Tue, Sep 10, 2019 - Page 13 News List

Expats play key role in boosting Taiwan’s tourism

Locally-based, foreign-born tourism professionals and entrepreneurs are convinced of Taiwan’s appeal — even if official efforts to promote it are often flat-footed

By Steven Crook  /  Contributing reporter

Pemberton adds that being native English speakers is a big plus because their clients feel more comfortable on hikes putting their safety in the hands of people they’re able to communicate with easily.

The same entrepreneur argues that a greater Western presence would be good for the tourism sector. “An injection of ideas about how to run tours that would interest foreigners would go a long way. Local companies offer daytrips to Taroko Gorge from Taipei, and there’s just no way a trip like that can be done with any level of quality. We’d spend a minimum of two days and two nights. Less than that and it’s not worth going!”

Simon Foster’s situation is different to that of Hevern, Pemberton and Robbins. As destinations managers at the Taiwan office of Grasshopper Adventures, he and his wife, Tot — both Britons — organize fully-guided and self-guided bike tours for a Bangkok-headquartered company that now operates in 14 countries in Asia.

“We’re well-received and treated fairly in Taiwan. Generally speaking, processes are clearly laid out — increasingly in English — easy to follow, and reasonably transparent,” says Simon Foster.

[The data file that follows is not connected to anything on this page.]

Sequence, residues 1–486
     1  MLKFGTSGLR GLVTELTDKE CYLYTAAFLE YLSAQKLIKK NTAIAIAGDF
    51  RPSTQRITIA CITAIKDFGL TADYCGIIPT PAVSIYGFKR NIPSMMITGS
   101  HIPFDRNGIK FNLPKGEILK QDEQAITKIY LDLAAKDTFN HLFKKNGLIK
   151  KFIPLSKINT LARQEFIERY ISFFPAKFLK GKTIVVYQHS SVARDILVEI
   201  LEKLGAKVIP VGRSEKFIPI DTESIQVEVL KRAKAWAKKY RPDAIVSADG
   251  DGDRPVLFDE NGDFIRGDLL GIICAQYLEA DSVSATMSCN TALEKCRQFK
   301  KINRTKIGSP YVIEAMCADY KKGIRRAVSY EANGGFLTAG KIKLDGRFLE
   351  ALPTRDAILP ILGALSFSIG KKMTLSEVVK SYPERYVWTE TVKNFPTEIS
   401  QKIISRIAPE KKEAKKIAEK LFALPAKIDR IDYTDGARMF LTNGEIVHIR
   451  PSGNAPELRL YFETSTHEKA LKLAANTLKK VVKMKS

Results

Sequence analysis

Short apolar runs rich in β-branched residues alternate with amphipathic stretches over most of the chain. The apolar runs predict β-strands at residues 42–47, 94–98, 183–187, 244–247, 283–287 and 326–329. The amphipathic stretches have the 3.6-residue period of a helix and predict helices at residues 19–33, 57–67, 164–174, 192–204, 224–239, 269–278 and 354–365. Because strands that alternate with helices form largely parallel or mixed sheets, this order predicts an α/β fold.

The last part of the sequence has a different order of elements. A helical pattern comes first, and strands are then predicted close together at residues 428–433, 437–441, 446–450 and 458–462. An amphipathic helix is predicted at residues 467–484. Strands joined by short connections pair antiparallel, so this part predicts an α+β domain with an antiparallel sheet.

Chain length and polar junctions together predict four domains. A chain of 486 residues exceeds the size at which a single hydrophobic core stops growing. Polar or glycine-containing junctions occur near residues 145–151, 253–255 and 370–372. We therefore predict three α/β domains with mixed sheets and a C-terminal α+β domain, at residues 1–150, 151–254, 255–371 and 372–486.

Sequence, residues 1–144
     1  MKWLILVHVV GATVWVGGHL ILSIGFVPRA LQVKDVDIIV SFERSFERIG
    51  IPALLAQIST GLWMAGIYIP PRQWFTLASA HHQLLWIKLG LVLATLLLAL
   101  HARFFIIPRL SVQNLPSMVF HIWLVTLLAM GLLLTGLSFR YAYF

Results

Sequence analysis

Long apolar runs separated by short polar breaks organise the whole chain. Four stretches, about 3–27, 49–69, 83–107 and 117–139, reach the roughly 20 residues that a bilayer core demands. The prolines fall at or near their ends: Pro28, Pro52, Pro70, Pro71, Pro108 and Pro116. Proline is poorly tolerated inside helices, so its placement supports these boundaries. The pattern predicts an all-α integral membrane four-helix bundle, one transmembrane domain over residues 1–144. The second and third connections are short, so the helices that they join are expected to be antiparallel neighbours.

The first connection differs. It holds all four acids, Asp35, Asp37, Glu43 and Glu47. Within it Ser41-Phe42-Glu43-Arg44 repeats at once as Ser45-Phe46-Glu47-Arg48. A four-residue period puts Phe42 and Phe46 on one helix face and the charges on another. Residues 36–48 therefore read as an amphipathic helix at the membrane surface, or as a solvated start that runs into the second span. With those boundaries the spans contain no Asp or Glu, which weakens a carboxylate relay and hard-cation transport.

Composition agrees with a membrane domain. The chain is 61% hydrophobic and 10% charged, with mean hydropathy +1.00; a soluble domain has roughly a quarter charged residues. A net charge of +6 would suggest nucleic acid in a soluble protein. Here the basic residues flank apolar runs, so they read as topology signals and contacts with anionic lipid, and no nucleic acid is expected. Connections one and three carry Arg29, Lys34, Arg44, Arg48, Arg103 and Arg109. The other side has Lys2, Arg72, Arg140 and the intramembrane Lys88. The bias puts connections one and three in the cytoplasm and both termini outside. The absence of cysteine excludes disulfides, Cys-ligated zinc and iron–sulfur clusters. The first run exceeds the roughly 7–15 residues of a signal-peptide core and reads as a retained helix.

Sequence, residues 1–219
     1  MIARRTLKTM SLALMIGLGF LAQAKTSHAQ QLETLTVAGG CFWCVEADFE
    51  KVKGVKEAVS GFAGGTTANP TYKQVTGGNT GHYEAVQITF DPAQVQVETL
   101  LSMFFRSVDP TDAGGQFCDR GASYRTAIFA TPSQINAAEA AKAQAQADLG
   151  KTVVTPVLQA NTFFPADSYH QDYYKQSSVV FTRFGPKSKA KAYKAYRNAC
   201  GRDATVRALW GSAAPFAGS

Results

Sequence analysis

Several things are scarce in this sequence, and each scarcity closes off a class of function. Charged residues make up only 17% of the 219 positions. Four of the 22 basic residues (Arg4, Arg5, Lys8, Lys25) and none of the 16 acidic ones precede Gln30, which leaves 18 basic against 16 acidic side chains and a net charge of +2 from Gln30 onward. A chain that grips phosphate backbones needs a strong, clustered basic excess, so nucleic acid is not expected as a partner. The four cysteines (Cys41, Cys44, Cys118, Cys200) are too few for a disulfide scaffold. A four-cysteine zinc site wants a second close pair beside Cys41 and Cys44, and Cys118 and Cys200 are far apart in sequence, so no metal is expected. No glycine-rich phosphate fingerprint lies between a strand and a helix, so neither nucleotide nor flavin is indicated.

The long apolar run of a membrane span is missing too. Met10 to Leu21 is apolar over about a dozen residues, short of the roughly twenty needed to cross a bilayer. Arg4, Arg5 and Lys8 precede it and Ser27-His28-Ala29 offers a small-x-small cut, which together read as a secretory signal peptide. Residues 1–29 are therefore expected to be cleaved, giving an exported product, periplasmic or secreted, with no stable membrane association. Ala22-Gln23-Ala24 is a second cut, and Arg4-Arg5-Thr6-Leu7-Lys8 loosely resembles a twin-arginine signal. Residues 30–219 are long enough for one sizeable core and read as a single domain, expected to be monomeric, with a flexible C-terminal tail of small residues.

While praising “the geographic and cultural diversity of this beautiful island,” he laments how little known Taiwan’s attractions are in the wider world.

“When I tell people we have East Asia’s highest mountains, hot springs, thousands of temples, the world’s deepest marble gorge, indigenous tribal culture, rugged Pacific beaches and some of the world’s best food and cycling, they often look incredulous. One of the main challenges is overcoming this knowledge gap which continues to limit tourist numbers.”

Pemberton thinks the Tourism Bureau could do a better job of promoting Taiwan at the international level.

“I would love for them to reach out to companies like ours so that we could assist in building campaigns. We know what appeals to Westerners. Also, we need to continue to internationalize the island. That said, there’s nothing wrong with Taiwanese people. We’ve had great reviews on Tripadvisor, but I always say these reviews are actually reviews of Taiwan. Taiwan is a five-star destination because of the people and their warmth.”

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